Tesla is determined to avoid the market for taxis worldwide and I’m stumped for a reason.
A quick look at the market
In dollars, the worldwide market in 2019 amounted to $70 billion and is estimated to rise quickly to $120 billion by 2027. Tesla sold about $31 billion across all models in 2020, so the cab market ought to be a no-brainer because it’s a single-platform, single-bodied car.
Adjusted by cities, Mexico City holds the record with 100,000 taxis.
London comes second, with 68,000.
Beijing comes third with 66,000 and
New York City follows with a surprisingly weak 13,587.
But again, worldwide the numbers are enormous.
And who’s currently serving that market?
With the exception of London and New York’s proprietary cabs, name your off-the-street sedan and it’s serving as a cab somewhere.
The London Cab, as with so many bespoke products in England, has been designed to suit—which is what bespoke means—and serves admirably as the world’s iconic brand.
- It is designed to walk into and out of, rather than lurching into the rear seat like a load of wet wash, leaving your pride and privacy at the curb.
- It boasts ‘chair-high’ seats, both elegant and comfortable.
- It has a turning radius of twenty-five feet, allowing great maneuverability.
- Its shape is highly visible to patrons waving down a cab.
Electric versions of various sedans are beginning to bleed into the urban markets, for reasons of both noise and air-pollution. But they are horrors to enter and exit, just ask any woman headed to the office or theater. That includes Teslas, so a new design is required to suit the market. To no current reader’s surprise, I have a rather elegant solution for that.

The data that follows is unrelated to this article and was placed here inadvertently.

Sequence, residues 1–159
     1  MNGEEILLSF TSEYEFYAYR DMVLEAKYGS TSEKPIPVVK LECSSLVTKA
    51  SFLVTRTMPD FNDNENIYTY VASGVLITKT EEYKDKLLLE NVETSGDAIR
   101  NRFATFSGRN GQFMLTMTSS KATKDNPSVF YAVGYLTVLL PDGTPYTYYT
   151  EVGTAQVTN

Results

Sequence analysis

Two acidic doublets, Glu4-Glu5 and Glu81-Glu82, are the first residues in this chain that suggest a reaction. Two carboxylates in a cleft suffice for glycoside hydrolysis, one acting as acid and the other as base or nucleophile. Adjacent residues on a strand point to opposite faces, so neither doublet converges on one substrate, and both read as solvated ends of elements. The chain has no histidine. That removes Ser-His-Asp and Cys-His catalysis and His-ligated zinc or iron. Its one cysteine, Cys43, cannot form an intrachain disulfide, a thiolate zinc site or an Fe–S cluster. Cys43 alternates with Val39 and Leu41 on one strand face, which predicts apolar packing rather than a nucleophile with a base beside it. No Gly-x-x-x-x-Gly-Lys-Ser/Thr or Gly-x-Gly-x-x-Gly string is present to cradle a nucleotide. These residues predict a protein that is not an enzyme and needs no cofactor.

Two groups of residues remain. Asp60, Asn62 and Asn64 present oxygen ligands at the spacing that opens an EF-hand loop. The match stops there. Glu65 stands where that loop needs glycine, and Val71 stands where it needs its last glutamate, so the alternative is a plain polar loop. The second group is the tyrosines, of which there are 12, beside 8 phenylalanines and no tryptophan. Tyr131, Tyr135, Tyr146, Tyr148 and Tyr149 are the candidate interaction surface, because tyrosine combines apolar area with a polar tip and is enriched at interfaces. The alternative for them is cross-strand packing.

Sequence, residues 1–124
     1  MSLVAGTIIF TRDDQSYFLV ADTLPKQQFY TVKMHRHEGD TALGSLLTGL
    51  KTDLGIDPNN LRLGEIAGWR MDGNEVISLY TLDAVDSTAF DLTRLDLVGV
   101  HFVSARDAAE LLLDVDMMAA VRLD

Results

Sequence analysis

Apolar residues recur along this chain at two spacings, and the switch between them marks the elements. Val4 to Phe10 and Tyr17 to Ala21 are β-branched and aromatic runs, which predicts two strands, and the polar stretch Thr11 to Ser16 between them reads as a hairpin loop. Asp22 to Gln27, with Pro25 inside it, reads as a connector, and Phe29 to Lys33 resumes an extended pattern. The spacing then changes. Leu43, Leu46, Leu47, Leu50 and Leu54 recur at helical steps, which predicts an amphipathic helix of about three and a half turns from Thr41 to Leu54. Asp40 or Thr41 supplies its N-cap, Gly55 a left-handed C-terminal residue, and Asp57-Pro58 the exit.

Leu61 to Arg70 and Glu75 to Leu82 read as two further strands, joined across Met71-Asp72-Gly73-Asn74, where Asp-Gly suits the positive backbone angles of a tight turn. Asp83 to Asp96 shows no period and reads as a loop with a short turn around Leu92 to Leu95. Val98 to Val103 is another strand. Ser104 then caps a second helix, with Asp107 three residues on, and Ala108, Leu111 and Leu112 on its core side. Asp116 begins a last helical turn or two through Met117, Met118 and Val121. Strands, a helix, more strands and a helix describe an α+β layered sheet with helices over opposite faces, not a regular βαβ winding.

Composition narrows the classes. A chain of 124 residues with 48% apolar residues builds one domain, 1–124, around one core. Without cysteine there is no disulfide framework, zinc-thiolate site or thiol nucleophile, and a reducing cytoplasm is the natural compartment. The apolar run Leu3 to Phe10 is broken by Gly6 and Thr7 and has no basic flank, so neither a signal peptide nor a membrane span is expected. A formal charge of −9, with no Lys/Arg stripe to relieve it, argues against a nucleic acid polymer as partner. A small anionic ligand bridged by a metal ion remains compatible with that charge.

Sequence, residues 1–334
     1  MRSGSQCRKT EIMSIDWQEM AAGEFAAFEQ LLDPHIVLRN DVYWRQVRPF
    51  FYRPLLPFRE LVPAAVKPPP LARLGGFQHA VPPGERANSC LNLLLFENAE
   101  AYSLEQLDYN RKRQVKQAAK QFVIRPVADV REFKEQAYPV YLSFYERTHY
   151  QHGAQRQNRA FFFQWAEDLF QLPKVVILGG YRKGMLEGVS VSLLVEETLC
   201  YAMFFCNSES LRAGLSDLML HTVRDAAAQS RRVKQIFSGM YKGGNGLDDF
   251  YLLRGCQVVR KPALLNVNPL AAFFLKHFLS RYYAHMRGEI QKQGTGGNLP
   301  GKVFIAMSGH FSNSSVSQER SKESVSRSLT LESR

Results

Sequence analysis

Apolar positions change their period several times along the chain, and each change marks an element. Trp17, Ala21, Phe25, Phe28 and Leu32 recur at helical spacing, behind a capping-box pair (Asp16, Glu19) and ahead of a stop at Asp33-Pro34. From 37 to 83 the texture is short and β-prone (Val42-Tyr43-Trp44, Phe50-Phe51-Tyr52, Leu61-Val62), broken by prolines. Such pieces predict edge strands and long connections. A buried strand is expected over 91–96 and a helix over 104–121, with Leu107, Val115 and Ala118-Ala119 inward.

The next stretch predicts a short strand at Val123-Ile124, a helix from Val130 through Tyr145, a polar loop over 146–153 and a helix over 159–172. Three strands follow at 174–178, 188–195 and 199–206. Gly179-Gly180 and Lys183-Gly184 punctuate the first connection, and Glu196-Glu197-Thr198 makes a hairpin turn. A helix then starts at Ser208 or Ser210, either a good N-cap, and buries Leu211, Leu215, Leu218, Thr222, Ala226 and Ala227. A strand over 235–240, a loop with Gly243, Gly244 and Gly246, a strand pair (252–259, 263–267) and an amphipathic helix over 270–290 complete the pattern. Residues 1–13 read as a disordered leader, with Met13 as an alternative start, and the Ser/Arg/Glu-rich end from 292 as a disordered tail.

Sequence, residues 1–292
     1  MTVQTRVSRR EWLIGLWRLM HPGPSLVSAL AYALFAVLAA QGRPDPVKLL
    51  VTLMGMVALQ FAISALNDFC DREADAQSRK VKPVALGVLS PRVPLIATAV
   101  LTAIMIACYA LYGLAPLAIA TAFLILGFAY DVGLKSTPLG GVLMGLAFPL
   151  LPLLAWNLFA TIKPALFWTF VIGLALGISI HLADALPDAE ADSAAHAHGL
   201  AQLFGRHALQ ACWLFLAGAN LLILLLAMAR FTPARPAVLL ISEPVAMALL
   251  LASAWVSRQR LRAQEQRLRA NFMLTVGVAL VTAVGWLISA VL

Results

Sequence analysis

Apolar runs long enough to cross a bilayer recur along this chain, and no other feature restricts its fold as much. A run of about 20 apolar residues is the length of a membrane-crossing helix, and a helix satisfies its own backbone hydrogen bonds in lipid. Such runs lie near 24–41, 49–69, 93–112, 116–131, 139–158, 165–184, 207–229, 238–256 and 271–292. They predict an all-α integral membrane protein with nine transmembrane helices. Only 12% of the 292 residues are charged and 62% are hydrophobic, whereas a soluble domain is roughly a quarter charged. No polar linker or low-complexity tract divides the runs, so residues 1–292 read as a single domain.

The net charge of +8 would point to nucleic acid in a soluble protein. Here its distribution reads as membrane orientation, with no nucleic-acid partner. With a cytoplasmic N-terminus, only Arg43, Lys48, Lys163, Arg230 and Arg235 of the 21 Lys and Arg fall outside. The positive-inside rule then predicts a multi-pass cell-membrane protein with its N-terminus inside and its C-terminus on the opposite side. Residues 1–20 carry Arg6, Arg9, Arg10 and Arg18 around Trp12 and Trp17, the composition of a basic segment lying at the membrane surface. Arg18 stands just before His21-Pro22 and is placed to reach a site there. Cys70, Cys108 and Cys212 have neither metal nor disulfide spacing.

New Tesla market, new Tesla design
Like many who have some expertise in design issues, I believe in adapting from the very best, rather than breaking new ground. I do not plagiarize, I creatively adapt. But what better model in this case than the London Cab?
Forget wind-tunnel sleekness in this case, Elon. This is a city-vehicle, slow and maneuverable, with a top speed of 60mph to get to the airport and back, along with great battery-range for city driving. It should be a bespoke color—perhaps apple-green, for instant worldwide identification as a Tesla. Millions of cab passengers will have their first taste of riding in a Tesla by stepping into your taxi. That ain’t all bad. We can chat about details, but you get my drift.
I remember your reasons when you first got into the electric car business. You wanted to change the world environmentally and bring the cities out of their gloom and smog. Yet you abandoned the inner-city in order to sell expensive cars to the very rich and left the city-bus business to BYD. A pickup truck for the next introduction? Really, Elon?
What happened to those dreams, as our cities become increasingly unlivable? I can all but guarantee the pickup truck market will not amount to $120 billion five years from now. By that time, some EV maker with an eye for the market will have covered that need.
You’re hard to get hold of, Elon
You might do well to stop messing with the stock market on Twitter and make a more friendly route for contact by those who care about your product.